Roundtables

Small-gauge as Environmental and Ordinary

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With this contribution to this issue's roundtable discussion, Scott Rodgers prompts us to think about how small-gauge modes of communication and scholarship are reconstituting the "environment" of the academic world.

Small-Gauge Storytelling

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In this entry to our small-gauge roundtable, Carla Nappi ponders the role of the scholar as an "explorer-stumbler," and the importance of storytelling as an act of worldmaking.

The Genealogy of Small Gauge

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In this entry to the small-gauge roundtable, Kevin T. Allen explores the genealogy of the term "small-gauge" inside and outside of its media contexts, and discusses its applicability to his own work.

Small-Gauge Scholarship: An Introduction

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Mediapolis co-editor Brendan Kredell introduces this month's roundtable discussion, on the concept of "small-gauge" scholarship. How do changes to the way we’re talking to one another affect the things we are saying to each other?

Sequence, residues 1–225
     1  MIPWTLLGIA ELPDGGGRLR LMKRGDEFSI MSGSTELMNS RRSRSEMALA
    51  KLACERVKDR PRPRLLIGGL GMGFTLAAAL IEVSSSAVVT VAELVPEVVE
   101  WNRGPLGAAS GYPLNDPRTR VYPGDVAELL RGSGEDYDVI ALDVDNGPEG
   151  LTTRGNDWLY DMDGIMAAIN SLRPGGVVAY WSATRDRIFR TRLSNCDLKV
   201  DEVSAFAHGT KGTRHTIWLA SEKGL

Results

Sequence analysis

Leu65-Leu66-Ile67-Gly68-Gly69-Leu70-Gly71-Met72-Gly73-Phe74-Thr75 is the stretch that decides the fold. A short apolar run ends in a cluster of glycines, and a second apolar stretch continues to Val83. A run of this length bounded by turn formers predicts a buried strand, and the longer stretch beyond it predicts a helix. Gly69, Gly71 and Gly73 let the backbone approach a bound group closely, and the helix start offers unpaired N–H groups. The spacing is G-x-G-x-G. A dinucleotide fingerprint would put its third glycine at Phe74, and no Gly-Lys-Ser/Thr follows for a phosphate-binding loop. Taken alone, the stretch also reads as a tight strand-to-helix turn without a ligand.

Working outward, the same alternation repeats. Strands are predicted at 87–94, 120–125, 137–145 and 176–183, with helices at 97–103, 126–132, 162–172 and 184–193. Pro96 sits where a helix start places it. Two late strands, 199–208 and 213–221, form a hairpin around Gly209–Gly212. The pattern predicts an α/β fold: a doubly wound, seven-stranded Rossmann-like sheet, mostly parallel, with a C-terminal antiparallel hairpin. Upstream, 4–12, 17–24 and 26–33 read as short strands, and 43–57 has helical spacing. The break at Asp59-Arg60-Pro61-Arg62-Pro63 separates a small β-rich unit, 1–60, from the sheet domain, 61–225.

As Chicago Goes, So Goes the Nation?

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Beginning the second round of our Policing and the Media roundtable, Brendan Kredell considers how the McDonald killing fits into a history of police violence in Chicago and across the nation.

The Past Remains Present

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In this Policing and the Media entry, Joy Bivins explores the vulnerability of young black bodies and contrasts the legacies of Emmett Till and Laquan McDonald.

A Private Grief Made Public

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In this post in our Policing and the Media roundtable, Margaret Schwartz considers how spectacular police violence imperils the right to grieve in private.

Framing a Shooting (and a Movement)

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In this entry in our Policing and the Media roundtable, Steve Macek explores the backstory of the Laquan McDonald shooting and the different ways that Chicago media outlets covered the story.

Policing and the Media: An Introduction

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Among the thirty seven people shot by police in 2014, it is Laquan McDonald’s death that has catalyzed public reaction; thanks to the existence of video documentation, we can see what happened with our own eyes. This seemingly simple observation belies a much more complex set of issues regarding the relationship between policing and media in the contemporary moment. With this roundtable, we seek to investigate those in some greater detail.